Background: D-amino acids are present in the human body originating from diet, bacterial flora, and endogenous synthesis (at least for D-serine and, probably, D-aspartate). D-amino acids are involved in important physiological processes (e.g., D-serine and D-aspartate act on the N-methyl-D-aspartate receptor as co-agonist and agonist, respectively) and increasing evidence links D-amino acids to different pathological states.
Methods: Determination of D-amino acids levels in blood is mainly based on enantiomeric separations by high performance liquid chromatography. Because of the low amount of D-enantiomers compared to the corresponding L-amino acids and the high background noise associated with biological matrices, positive and negative controls are absolutely required to obtain reliable values.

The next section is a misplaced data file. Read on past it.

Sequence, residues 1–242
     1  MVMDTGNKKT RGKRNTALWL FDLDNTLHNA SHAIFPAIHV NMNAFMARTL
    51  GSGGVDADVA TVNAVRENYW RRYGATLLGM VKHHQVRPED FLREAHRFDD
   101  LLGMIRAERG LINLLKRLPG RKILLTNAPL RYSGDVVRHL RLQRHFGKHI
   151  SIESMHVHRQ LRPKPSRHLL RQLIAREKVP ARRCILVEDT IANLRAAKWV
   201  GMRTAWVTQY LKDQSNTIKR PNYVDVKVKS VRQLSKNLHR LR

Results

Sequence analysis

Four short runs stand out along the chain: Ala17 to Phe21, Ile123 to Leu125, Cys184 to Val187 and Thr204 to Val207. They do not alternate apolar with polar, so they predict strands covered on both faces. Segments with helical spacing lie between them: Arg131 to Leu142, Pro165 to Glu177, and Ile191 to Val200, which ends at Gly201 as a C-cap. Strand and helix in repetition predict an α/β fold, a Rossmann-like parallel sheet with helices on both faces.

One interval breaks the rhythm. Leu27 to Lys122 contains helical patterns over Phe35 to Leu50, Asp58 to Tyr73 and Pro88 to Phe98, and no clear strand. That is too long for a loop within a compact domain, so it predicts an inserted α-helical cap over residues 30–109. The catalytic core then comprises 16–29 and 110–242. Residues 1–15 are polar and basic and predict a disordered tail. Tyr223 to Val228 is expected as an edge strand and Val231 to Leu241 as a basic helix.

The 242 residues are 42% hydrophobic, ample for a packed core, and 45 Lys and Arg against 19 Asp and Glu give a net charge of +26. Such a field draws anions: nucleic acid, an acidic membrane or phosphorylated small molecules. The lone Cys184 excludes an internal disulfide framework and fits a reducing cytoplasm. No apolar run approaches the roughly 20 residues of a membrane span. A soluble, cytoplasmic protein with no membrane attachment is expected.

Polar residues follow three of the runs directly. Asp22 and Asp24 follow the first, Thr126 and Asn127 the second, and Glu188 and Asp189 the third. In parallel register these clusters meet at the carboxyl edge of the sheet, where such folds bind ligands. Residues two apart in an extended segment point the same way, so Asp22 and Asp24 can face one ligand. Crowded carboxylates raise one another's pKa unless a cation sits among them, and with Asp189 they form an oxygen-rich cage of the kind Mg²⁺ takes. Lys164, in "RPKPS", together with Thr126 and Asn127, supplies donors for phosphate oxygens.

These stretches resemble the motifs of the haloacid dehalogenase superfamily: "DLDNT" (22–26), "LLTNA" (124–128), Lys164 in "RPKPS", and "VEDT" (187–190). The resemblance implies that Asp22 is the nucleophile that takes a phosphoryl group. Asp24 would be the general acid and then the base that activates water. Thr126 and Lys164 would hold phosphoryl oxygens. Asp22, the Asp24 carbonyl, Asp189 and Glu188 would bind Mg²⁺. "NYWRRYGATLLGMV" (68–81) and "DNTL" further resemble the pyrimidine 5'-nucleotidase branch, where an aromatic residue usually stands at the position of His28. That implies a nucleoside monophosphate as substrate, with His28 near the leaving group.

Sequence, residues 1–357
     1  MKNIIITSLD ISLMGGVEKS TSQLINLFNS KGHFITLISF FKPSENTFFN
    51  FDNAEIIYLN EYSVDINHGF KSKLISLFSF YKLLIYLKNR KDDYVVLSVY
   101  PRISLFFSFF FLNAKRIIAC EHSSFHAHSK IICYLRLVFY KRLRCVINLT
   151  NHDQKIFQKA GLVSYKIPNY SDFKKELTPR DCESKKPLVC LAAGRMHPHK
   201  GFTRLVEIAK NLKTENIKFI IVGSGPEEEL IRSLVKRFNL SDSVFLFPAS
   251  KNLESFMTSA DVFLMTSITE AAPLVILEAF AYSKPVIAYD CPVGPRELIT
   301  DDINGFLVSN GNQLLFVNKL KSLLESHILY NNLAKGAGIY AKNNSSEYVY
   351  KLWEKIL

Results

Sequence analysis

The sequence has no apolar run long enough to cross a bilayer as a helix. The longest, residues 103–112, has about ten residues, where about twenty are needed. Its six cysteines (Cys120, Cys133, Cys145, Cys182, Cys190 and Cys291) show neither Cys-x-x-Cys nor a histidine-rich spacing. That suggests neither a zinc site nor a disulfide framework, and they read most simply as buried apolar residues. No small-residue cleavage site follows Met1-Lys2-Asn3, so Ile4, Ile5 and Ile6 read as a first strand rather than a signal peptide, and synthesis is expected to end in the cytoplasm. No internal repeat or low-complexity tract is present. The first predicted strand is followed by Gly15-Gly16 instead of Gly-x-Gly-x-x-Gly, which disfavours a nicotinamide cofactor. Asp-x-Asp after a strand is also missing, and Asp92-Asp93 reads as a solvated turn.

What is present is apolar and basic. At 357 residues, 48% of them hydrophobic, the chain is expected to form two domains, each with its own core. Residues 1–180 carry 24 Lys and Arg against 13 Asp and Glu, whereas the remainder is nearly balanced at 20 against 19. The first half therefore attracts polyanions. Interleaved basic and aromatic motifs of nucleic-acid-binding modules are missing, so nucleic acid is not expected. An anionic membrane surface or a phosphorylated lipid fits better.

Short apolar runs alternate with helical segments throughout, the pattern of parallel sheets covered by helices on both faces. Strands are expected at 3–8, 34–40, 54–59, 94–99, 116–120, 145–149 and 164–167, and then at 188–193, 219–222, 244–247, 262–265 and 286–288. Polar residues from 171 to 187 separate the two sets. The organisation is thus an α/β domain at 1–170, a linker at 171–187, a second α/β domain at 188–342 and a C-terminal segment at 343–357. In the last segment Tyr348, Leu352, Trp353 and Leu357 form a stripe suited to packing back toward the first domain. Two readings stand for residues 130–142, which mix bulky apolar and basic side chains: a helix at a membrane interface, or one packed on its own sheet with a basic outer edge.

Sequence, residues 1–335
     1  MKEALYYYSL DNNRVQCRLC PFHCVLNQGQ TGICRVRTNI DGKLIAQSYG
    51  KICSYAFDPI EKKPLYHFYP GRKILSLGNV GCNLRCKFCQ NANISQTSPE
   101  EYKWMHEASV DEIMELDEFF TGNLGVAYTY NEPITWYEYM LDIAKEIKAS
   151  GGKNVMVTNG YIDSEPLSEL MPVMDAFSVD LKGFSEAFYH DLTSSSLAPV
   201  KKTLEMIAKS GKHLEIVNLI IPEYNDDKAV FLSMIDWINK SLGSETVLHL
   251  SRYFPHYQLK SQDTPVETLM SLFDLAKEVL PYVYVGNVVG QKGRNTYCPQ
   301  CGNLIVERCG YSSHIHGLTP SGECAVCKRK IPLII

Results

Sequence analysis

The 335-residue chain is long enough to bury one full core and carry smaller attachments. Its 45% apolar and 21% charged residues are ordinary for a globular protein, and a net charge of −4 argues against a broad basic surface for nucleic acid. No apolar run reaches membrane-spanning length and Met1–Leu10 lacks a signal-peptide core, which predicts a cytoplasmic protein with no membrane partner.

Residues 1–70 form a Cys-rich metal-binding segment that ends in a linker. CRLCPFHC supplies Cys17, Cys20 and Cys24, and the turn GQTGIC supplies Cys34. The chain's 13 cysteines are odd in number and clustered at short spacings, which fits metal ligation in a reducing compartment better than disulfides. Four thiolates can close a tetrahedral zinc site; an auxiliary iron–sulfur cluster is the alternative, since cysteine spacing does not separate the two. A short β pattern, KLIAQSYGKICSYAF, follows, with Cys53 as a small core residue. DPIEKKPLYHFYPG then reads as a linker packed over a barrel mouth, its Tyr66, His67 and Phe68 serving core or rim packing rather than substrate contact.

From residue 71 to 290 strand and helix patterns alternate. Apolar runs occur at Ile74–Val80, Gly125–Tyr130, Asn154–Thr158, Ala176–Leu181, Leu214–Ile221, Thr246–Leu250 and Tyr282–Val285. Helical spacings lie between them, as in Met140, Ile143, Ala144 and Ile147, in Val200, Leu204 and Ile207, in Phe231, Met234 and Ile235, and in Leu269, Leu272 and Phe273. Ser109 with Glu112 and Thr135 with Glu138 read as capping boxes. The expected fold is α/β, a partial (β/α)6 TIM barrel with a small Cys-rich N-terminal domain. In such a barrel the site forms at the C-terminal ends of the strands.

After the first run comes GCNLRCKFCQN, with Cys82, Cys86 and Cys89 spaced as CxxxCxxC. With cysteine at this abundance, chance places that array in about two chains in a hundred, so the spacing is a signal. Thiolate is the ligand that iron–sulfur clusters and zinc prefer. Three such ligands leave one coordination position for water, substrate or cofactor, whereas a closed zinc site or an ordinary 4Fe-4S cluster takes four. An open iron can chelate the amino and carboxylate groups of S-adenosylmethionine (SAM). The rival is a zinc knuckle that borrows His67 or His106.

Results: Altered levels of D-serine in blood have been reported in several neurological and psychiatric disorders: it has been proposed as promising biomarker in schizophrenia, Alzheimer’s disease, and amyotrophic lateral sclerosis. Indeed, D-serine levels seem an appropriate predictor of anti-depressant response in major depressive disorder and posttraumatic stress disorder, as well as a prognostic biomarker of early cognitive decline, especially when considering D-serine and D-proline levels simultaneously. Furthermore, D-amino acids seem useful biomarkers for pathologies not related to the central nervous system, such as pancreatic cancer and chronic kidney diseases.
Conclusion: This is the first review focusing on the determination of blood levels of Damino acids as diagnostic and prognostic biomarkers. The experimental evidence of involvement of D-amino acids in various physiological pathways suggest investigating their levels in additional pathologies too, such as diabetes mellitus. In conclusion, the levels of D-amino acids in blood may represent novel diagnostic peripheral biomarkers for various disorders. Further studies are required to standardize/automatize the determinations and for confirming their clinical effectiveness.